“I am the accidental candidate,” said Morouse, who recently retired to stay home with her three young children. She said she saw that parents were becoming frustrated with communication issues at MUS, and was puzzled as to how poorly the school board meetings were run. “The best way to change things is to be part of the solution,” she said. She too cites her extensive business skills to create strategic and financial goals for the $10 million business that is MUS. Another main goal is to attract and retain the best teachers in California, and to compensate them based on performance. “I want MUS to go from great to excellent,” she said. Her vision includes well-rounded children that possess values such as kindness and understanding, and wants MUS to run at a superior level. Morouse, who attended UC Berkeley and obtained her MBA at UCLA, sees MUS as a “beacon of light” among California public schools.

The candidates discussed the issue of basic aid, the type of school funding MUS enjoys, which happens when a school district does not need financial help from the state and instead receives funds from a portion of a community’s property taxes. The basic aid status has been regularly threatened by the state recently, and all three candidates agreed that it is important to realize its basic aid status may not last. Another topic touched upon was the idea of adding a junior high school to the district; Matthews said he would vote for it if the community was for it, while Morouse and Kupiec stated more research was necessary before voting yes. When asked about the need to have both a principal and superintendent, Matthews implied that the dual positions are more of a “want” than a “need,” and that the roles may need to be looked at if the school is faced with tougher economic times. Morouse also implied that the two positions are a luxury, but she did qualify that by stating their roles need to be clearly defined. Kupiec said having one person act as both principal and superintendent would be a very difficult task, and everyone at MUS benefits from having both.

Miramar Decision Appealed

“This was not unanticipated,” says Matt Middlebrook of Caruso Affiliated, referring to two appeals of the Montecito Planning Commission’s approval of the Miramar project. The appeals, filed by Coast Law Group (on behalf of Citizens Planning Association) and Stan and Jean Harfenist, were both submitted to the county before the October 20 deadline.

CPA’s appeal, which is about 140 pages long because it includes documentation submitted at each of the four MPC hearings, describes the project’s inconsistencies with the California Environmental Quality Act (CEQA) and the Montecito Community Plan.

A number of issues including water use, FAR calculations, flooding, traffic, storm water drainage, historic preservation, sewer capacity and construction noise are cited in the appeal. The MPC spent four day-long hearings poring over the project, to which Naomi Kovacs, Executive Director of CPA, stated in a press release, “The fact that the commission spent approximately forty hours over a few months’ time discussing and deliberating over this project reflects the complicated nature of this project. Don’t be fooled; much discussion took place, but not about some serious matters that needed attention and resolution, yet were ignored.”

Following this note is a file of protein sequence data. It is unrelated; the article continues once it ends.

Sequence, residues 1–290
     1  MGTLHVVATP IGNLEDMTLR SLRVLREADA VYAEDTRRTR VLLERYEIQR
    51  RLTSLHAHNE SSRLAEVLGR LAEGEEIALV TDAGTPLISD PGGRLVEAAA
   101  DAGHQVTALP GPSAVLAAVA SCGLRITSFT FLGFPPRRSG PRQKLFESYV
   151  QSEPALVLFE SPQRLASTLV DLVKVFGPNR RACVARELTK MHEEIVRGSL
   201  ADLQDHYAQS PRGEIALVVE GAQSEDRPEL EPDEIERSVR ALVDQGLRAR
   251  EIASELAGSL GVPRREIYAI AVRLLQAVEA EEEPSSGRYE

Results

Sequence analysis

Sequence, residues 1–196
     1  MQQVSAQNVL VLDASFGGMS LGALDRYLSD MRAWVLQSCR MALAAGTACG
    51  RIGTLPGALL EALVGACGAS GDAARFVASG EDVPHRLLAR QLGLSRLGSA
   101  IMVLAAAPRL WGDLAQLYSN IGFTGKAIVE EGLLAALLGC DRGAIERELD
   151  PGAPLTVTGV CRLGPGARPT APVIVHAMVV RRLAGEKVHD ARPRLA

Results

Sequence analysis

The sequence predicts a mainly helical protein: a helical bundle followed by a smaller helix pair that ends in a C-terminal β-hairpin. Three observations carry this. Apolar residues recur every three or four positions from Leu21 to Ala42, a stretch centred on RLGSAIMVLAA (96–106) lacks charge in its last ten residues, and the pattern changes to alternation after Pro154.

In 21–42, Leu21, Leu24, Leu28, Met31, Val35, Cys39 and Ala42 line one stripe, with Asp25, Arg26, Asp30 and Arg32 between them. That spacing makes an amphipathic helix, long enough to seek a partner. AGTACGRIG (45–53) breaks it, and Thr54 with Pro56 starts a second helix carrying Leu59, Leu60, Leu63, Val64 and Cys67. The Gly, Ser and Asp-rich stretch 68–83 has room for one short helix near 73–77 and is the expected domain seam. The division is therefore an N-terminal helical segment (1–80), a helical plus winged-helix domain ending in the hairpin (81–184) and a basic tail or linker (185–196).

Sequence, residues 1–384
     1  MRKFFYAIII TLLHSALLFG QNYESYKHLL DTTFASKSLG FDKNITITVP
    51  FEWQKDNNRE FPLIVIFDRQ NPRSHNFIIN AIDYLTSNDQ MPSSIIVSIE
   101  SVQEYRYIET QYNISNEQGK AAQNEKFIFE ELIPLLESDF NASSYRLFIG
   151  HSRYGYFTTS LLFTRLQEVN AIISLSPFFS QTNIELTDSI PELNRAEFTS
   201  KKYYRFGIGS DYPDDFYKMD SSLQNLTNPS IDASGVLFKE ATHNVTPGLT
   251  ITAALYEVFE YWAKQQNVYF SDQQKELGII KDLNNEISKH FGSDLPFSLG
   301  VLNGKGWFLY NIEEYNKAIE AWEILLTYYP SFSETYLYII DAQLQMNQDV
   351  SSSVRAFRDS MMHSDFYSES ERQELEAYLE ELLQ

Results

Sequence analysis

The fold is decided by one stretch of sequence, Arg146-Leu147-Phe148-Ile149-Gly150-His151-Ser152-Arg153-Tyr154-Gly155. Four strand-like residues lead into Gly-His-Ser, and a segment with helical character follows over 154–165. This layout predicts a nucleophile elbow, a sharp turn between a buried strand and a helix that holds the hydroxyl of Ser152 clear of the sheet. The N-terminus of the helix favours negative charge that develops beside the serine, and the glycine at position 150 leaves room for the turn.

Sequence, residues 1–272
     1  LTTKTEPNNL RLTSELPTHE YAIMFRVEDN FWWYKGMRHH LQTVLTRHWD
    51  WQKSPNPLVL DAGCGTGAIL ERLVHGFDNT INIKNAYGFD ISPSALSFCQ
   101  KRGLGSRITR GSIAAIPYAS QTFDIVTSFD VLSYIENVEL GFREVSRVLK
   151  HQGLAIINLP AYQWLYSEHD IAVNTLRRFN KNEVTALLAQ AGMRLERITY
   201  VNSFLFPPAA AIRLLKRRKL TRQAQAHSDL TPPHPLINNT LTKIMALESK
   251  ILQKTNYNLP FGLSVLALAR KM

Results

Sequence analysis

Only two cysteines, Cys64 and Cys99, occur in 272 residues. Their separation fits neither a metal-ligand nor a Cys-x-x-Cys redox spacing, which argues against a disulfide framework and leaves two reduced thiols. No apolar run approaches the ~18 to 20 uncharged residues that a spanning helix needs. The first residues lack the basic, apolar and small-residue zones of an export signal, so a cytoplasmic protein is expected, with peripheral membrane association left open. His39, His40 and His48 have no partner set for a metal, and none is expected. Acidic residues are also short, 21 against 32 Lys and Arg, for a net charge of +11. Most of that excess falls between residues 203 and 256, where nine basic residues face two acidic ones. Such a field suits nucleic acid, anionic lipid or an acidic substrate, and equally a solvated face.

Many hours, especially during the last MPC hearing on October 8, were spent hashing out operational issues such as the number of events the hotel can hold per day and beach club membership, while other more significant, issues including long-term water availability and alleged problems with Caruso’s flood analysis were never fully analyzed, according to Kovacs. She has been publicly opposed to the Miramar project, claiming a full EIR needs to be done.

The Harfenist appeal cites about 26 issues and is a more readable three pages long. In addition to Oak Creek flooding issues, of which Mrs. Harfenist spoke to at every MPC hearing and numerous Montecito Association meetings, the appeal cites inadequate environmental review, non conformance with the Montecito Community Plan, the Coastal Act, Coastal Land Use Plan, and Coastal Zoning Ordinance. Additionally, the Harfenist appeal accuses the MPC and Santa Barbara County of making numerous mistakes including not responding adequately to public comment, using an improper baseline to assess the impacts of the project, and inappropriately using an Addendum instead of a full EIR. The appeal also accuses MPC of abusing its discretion and committing an “error of law” in approving modifications regarding project height and setback, and in not gaining authorization and approval of Union Pacific Railroad.

“These are all issues we think have been covered in great depth,” Middlebrook told us. Errin Briggs, SB County project manager tells us these appeals will stall the project; instead of moving forward with architecture plans and seeking guidance from MBAR, Miramar owner Rick Caruso will have to deal with the appeals first. The first step? Facilitation with County Counsel, in which Caruso and the appellants will try to reach agreement without a hearing, Briggs told us. If that fails, the project will be sent to the Board of Supervisors. The Caruso camp remains optimistic: “It’s a good project that has been thoroughly looked at, and while this is a delay, hopefully it won’t be a long one,” Middlebrook said.

Westmont Groundbreaking

On Thursday, October 23, Westmont College will officially break ground, signifying the beginning of Phase I of its Master Plan. On October 9 the Westmont Board of Trustees voted to take this historic step of breaking ground on two new buildings: Adams Center for the Visual Arts and Winter Hall for Science and Mathematics. Westmont representative Scott Craig tells us these buildings are the first to be built in 24 years; in total, Phase I construction will add 166,000 square feet of under-roof building space to the campus. For more information on the new buildings, visit